# Probability

### Probability Problems – ACT Math

Probability problems on the ACT math test will ask you about the chance of something happening.

You can calculate probability by using a ratio or percentage.

Have a look at these examples:

Problem 1:

A radio station offers free competitions. Normally, one in every twenty contestants wins the free competition. What is the probability of losing the free competition?

A. 1/20

B. 1/19

C. 19/20

D. 19/1

E. 20/19

The probability of success is represented by a fraction, with the chance of success in the numerator and the total amount in the denominator.

1/20

The chance of losing can therefore be calculated by subtracting the fraction for the chance of winning from the fraction representing the total.

20/201/20 = 19/20

Note that fractions are slightly different than ratios.

1/20 = 1 in 20 (so there are 20 parts in total)

On the other hand, a ratio is expressed as follows:

1: 34 = 1 to 34

In other words, there are 35 parts in total in the above example.

Problem 2:

An owner of a carnival attraction draws teddy bears out of a bag at random to give to prize winners. She has 10 brown teddy bears, 8 white teddy bears, 4 black teddy bears, and 2 pink teddy bears when she opens the attraction at the start of the day.  What is the probability that the first prize winner of the day will receive a pink teddy bear?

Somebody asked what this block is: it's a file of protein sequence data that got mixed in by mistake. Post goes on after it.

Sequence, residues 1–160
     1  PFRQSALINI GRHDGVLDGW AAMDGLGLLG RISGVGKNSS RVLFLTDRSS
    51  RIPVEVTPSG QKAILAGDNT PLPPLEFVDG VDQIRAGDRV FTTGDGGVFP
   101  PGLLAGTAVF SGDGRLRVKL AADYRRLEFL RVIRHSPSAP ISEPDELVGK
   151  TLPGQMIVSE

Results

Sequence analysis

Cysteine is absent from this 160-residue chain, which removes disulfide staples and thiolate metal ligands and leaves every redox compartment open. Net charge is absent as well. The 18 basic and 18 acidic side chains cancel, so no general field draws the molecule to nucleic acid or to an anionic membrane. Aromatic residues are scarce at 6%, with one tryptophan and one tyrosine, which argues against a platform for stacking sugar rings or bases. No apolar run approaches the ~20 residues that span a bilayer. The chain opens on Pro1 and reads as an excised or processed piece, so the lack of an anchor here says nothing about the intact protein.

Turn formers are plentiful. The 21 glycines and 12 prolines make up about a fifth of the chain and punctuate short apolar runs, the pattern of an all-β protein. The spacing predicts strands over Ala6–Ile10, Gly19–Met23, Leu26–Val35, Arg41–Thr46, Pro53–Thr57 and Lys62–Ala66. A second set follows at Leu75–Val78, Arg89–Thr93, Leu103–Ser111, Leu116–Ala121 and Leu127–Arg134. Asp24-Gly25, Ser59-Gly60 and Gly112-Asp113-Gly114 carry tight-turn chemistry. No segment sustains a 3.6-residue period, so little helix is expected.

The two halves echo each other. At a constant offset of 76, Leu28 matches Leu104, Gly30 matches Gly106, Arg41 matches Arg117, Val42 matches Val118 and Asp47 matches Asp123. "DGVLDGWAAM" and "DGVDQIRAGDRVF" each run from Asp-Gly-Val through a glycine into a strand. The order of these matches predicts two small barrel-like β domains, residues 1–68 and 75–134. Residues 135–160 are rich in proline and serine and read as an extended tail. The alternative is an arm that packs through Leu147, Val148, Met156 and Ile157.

A.  1/24

B. 2/24

C. 1/2

D. 1/22

E. 2/22

This is a question on calculating basic probability.

Calculate how many items there are in total in the data set, which is also called the “sample space” or (S).

The owner has 10 brown teddy bears, 8 white teddy bears, 4 black teddy bears, and 2 pink teddy bears when she opens the attraction at the start of the day.

So, at the start of the day, she has 24 teddy bears:  10 + 8 + 4 + 2 = 24

The event is the chance of the selection of a pink teddy bear. We know that there are two pink teddy bears at the start of the day.

Finally, we need to put the event (the number representing the chance of the desired outcome) in the numerator and the number of possible remaining combinations (the sample space) in the denominator.